6. Comfort zones are about your current limit, not your potential. Climbing at the same grade can get stale and the difficulty of climbing at the next level isn’t about it being too hard or impossible, but rather a matter of horizons. Sometimes you won’t find out how much better you can perform — at anything — until you keep trying. You might even look clumsy for a bit, but that’s because you haven’t reached that view beyond your vision.

5. If you think it’s too risky, then it is.  Only you can determine what your comfort zone is when it comes to dangers. Dangers are real and shouldn’t be ignored. Know your limits. But limits are relative based on what you deem as risky. I certainly do not want you to free climb like Alex Honnold, but as an example, he doesn’t think his free climb of Half Dome was too risky for him. But it is for me.

4. The joy of finding your way without a map or guide. While the map shows you where you are, it’s a unique experience to chart a new path without a map or regardless of the map. Please start your climbs from the ground up. Some of those routes may be dead ends, but you won’t know what’s up there until to you go.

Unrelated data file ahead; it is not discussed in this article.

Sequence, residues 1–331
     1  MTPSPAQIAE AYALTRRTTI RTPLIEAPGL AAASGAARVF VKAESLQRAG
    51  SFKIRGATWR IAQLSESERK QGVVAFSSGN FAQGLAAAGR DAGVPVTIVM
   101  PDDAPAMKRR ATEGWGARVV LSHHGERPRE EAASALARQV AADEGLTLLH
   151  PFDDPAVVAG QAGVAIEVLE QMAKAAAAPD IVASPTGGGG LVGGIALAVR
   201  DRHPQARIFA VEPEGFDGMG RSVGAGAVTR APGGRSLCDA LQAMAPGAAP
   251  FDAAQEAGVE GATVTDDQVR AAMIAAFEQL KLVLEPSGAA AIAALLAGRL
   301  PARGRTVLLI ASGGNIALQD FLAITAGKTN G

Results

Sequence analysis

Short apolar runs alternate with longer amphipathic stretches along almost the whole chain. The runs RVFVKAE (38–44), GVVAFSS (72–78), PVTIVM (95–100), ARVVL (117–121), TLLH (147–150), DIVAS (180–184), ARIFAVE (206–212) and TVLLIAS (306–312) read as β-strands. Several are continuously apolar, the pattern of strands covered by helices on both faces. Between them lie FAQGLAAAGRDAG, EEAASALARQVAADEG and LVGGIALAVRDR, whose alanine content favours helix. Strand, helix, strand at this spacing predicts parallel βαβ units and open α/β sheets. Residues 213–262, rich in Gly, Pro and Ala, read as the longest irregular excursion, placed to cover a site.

3. You get out what you put in to it. I must confess that I have put more time into being an armchair mountaineer than a real climber since becoming your dad (you probably know that from my footwork.) But I have learned from other examples that the rewards of dedication to an activity or cause are equal to the effort. Dive in and enjoy!

2. Looking at the world from the ground is only part of the picture. I think your perspective is already somewhat unique and creative compared to your peers. Still, most people see the world from the flat plain of everyday Earth. But there are a few of us that go to those anomalies on the plant where rock juts up from the surface. The perspective might provide insight on the world and ourselves, but you can’t understand until you travel there for yourself.